In a pre-pandemic world, the idea of interviewing for a new job without meeting the team in person would have seemed strange at best. Now, as many companies have shifted to remote work, many job candidates and employers have happily adopted remote interviews as the new standard.
Remote interviews come with their benefits, but figuring out whether the team and role are the right fit for you tends to be more difficult virtually. This makes it all the more important to look out for things that seem off, whether it’s with the role, the team, or the company as a whole. Here are five red flags you shouldn’t ignore during your interview process:
Nearly every company will claim that people are their biggest asset—but truly living that value goes far beyond simply paying salaries each month. Candidates are demanding growth opportunities—Hired’s survey of software engineers showed that 83% of respondents selected a career in software because they wanted ‘new challenges and continuous learning’. Being able to see how your career will grow at your next company is an important part of evaluating whether it’s the right place for you.
During your interview process, ask for details on how the company helps employees grow—from stipends for training programs to upward potential within the team you’re interviewing with or lateral moves to other business units. If you’re interviewing for a company that’s adopted a hybrid model, you may also want to question how growth opportunities differ between remote and in-office employees (particularly if you’ll be remote and worry that might impact your upward trajectory). If your interviewer is dismissive about your worries or can’t give a clear answer to what your growth potential might look like, this could be indicative of deeper issues—so it’s worth probing further to ensure the company truly cares about empowering and helping every individual on the team grow and thrive.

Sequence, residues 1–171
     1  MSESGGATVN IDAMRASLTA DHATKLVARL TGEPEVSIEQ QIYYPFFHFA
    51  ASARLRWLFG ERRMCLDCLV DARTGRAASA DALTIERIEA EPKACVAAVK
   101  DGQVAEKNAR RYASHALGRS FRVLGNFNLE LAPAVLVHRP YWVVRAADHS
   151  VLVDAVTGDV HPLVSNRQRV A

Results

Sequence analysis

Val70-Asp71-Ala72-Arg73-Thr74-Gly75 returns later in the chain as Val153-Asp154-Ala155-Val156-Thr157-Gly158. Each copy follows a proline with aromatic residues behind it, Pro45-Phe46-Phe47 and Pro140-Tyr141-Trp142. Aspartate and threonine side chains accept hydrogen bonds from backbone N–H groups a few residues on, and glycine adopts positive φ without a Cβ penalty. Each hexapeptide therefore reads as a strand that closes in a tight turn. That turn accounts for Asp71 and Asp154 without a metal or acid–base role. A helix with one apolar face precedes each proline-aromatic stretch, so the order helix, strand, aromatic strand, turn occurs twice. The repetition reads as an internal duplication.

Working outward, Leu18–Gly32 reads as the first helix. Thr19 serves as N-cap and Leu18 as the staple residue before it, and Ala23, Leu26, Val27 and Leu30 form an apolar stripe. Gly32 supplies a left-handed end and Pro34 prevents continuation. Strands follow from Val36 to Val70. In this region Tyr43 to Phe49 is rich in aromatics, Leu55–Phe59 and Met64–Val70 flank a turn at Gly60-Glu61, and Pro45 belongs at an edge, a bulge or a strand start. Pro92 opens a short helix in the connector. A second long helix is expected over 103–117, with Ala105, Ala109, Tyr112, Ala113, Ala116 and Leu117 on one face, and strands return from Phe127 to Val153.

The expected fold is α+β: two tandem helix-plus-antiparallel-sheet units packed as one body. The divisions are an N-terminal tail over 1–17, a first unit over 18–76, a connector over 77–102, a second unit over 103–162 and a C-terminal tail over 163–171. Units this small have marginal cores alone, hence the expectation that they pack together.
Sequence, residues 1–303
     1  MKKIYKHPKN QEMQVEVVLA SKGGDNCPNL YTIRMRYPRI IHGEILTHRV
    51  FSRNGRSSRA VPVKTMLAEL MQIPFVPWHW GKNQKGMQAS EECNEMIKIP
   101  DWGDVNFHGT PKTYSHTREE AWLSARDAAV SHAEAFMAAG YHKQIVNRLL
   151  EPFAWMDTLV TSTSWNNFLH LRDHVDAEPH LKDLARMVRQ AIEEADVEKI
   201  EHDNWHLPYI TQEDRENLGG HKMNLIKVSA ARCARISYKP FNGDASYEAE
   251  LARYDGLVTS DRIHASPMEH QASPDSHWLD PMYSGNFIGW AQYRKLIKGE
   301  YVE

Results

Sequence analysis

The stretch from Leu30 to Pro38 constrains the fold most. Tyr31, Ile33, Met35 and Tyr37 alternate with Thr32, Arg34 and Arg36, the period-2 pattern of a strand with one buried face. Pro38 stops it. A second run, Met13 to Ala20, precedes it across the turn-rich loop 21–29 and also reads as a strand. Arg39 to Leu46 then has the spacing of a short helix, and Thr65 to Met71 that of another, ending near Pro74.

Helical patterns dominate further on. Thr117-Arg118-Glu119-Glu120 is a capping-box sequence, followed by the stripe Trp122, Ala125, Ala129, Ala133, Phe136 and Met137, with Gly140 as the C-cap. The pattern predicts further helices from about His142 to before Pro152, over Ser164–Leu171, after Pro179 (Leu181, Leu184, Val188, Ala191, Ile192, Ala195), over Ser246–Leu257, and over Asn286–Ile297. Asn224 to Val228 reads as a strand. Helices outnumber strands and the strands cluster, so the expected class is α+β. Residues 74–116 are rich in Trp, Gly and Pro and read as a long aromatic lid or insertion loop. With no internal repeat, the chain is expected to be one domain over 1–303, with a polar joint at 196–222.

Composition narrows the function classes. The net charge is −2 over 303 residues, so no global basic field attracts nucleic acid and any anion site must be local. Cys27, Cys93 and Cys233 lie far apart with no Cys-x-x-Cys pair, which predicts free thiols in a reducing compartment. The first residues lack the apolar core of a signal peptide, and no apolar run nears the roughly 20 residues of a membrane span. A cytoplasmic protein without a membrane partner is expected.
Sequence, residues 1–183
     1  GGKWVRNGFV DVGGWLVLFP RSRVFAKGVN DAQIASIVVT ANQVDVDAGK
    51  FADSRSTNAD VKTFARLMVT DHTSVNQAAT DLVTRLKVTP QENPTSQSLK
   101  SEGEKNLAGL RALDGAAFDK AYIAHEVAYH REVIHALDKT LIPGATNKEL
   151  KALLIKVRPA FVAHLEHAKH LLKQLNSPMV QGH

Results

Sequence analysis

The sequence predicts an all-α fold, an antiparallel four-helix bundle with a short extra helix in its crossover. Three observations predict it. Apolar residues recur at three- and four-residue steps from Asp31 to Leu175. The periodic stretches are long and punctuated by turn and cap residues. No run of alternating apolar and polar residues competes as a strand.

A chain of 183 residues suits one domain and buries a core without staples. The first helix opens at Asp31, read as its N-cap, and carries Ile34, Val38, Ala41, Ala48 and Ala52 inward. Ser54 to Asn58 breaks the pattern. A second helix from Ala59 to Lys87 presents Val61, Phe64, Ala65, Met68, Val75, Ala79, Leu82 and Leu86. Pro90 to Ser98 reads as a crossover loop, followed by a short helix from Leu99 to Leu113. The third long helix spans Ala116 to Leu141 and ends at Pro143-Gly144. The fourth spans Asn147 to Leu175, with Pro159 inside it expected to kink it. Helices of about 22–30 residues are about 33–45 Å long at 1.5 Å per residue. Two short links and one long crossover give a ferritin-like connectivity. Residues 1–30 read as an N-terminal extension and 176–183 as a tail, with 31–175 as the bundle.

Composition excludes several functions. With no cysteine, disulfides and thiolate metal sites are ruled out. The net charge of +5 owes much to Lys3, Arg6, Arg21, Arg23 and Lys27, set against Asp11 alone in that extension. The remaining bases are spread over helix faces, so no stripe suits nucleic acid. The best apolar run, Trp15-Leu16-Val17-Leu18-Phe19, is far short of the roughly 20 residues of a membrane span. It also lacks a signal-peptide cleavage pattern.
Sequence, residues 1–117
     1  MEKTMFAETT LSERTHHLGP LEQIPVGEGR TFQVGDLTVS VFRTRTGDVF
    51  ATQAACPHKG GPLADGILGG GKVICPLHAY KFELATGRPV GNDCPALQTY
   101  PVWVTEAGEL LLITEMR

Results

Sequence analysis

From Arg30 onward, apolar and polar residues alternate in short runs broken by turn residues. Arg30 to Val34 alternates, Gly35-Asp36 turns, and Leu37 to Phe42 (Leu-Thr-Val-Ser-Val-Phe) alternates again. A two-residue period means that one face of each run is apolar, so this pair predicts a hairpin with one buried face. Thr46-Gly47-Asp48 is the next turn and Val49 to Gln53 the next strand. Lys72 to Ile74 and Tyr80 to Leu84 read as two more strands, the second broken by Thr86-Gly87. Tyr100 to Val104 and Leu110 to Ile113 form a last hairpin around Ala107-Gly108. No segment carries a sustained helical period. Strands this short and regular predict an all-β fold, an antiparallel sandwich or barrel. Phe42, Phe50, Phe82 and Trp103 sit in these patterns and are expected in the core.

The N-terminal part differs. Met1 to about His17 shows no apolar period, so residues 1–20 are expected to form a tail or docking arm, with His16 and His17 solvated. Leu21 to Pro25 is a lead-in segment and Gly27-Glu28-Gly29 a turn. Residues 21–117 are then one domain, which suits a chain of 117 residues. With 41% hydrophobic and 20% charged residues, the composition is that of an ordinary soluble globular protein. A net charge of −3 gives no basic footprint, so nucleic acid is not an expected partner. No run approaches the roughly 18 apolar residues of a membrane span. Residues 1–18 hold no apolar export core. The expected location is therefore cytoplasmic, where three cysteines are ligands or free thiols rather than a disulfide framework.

Sure, you probably won’t meet a team of 40 before starting, but it’s fair to expect to at least interview with the key people you’ll be working with. Employees (and particularly managers) may always seem to be busy, but making the right hires means assessing personality fit as much as hard skills, which requires interviewing with a few of the team.
If it seems like you’re not being given the chance to meet enough of your potential future colleagues, you might even suggest a team interview or 30-minute virtual coffee with a few of them. Remember, job interviews are as much about you interviewing the company as they are about them questioning you—so if you feel you would benefit from meeting a few more of the team, it’s absolutely worth saying something.
Compensation might be an awkward conversation, but it is an important one to have—and companies should be embracing efforts to increase salary transparency and help their employees feel fairly remunerated. This has never before been a more important conversation, as lack of transparency into compensation and salaries perpetuates unequal pay opportunities and has the potential to impact earnings in the long-term.